Tension over shared versus separate campus space grew last fall regarding NUS’s usage of distinct Yale-NUS buildings. Not long after Yale-NUS opened its campus, its students voiced concerns about their NUS peers taking over the Yale-NUS library space and leaving many Yale-NUS students unable to find seats. In response, Yale-NUS changed its library opening hours to be open to the public during the day but only accessible to Yale-NUS in the evening, a move Yale-NUS President Pericles Lewis said is justified by the higher tuition fees the school charges, but that NUS students called unfair.

(Ellie Pritchett, Production & Design Staff)

Currently, every Yale-NUS student has two student IDs: one NUS ID that permits him or her to use NUS facilities and one Yale-NUS ID that allows access to Yale-NUS buildings during certain times.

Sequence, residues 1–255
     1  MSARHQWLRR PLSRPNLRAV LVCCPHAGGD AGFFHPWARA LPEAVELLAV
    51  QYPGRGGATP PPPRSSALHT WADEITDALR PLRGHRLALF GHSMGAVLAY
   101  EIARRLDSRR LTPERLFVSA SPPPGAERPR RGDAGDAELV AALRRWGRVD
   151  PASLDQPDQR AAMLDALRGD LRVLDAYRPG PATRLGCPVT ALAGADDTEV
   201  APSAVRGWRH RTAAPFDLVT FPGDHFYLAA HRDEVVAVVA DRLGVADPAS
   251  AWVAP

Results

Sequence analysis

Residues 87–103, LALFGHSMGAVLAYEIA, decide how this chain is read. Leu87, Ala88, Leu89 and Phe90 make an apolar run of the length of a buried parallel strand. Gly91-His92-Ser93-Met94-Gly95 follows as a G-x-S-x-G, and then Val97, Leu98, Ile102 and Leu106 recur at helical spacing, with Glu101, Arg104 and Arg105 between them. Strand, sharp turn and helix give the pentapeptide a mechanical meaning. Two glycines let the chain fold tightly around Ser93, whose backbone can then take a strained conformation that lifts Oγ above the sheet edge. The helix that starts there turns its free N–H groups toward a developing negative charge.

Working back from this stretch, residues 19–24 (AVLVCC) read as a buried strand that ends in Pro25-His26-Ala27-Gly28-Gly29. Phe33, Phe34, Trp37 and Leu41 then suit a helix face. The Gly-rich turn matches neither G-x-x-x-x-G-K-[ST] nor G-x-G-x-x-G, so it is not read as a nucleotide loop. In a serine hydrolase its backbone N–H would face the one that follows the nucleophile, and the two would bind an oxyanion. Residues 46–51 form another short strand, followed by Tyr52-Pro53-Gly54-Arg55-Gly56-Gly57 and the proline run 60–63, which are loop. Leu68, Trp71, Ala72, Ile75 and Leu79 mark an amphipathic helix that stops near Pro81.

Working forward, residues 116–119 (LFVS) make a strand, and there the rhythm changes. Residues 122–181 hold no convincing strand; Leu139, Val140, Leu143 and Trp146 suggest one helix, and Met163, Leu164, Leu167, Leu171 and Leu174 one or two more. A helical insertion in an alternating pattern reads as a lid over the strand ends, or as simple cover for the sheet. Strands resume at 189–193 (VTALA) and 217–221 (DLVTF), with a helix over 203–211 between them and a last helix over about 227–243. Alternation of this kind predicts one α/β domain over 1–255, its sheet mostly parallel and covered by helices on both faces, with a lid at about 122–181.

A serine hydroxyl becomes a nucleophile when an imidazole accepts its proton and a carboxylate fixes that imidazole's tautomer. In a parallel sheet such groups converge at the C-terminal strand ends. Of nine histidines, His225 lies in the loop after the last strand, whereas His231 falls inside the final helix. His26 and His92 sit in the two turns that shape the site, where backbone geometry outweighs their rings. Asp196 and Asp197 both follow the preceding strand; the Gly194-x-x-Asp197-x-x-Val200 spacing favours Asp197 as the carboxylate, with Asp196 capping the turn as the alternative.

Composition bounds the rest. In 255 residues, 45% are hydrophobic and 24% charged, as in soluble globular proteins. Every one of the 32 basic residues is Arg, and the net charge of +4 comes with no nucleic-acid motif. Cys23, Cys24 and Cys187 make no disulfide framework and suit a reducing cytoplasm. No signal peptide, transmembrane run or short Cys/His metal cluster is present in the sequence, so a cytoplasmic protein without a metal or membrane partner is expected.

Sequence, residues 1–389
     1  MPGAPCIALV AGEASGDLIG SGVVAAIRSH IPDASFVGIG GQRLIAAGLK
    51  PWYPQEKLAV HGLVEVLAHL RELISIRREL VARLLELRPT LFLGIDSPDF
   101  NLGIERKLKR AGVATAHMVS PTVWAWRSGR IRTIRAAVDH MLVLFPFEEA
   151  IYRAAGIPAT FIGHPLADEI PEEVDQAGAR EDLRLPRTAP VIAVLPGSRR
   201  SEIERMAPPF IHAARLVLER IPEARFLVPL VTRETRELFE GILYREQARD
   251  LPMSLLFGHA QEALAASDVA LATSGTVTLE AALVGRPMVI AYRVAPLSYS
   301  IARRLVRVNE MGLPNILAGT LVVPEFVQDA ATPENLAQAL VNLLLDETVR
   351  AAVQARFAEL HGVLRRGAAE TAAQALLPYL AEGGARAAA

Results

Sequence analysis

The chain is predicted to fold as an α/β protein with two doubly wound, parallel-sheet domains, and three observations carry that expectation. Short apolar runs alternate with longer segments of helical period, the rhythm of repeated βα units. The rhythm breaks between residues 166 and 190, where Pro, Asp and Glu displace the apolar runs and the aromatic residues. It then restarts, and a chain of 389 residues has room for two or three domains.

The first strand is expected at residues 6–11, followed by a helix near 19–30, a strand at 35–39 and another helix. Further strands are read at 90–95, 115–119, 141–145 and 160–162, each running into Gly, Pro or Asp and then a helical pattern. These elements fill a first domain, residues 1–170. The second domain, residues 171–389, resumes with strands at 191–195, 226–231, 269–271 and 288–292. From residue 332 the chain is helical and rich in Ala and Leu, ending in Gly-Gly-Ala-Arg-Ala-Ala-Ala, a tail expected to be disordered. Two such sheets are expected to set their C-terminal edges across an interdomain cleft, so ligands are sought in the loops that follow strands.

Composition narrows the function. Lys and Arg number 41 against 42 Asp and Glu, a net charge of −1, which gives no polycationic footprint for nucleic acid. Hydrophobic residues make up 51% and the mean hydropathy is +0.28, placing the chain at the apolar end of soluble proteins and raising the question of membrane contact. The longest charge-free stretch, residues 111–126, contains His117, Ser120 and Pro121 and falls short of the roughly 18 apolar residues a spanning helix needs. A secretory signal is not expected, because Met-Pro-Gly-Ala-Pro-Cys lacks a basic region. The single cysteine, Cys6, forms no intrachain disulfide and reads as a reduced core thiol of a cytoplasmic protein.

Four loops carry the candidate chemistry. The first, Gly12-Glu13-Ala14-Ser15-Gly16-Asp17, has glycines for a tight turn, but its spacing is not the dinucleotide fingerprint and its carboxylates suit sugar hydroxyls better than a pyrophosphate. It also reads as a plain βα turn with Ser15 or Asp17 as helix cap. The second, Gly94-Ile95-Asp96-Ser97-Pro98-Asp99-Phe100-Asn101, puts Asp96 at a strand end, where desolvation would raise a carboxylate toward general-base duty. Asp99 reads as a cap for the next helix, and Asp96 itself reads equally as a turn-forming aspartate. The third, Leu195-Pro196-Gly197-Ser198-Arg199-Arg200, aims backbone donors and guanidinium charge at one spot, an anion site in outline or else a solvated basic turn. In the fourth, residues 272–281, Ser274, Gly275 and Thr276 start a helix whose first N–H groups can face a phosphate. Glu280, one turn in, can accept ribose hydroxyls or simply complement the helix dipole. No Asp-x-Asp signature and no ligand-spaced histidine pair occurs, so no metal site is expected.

“Yale-NUS seems like a very closed-off place, one isolated from the rest of NUS. People there seem to be in their own world and are very different from us,” said Samara Gang, a freshman at NUS. She added that the appearance of Yale-NUS buildings, its physical boundaries as manifest in the gates and the library trespassing issues only emphasized these differences.

Despite living right across from Yale-NUS, Gang has never been to its campus. Gang said Yale-NUS boasts a sense of elitism and gives her the impression that it only wishes to associate itself with Yale, but not its other parent, NUS.

Valerie Ng, a second-year student at NUS, said the limited interaction between the two schools probably makes people regard Yale-NUS students as “snobbish.”

An anonymous NUS student echoed similar sentiment toward the Yale-NUS “stepsibling syndrome,” and questioned why Yale-NUS included “NUS” in its name in the first place if it identifies only with its New Haven parent.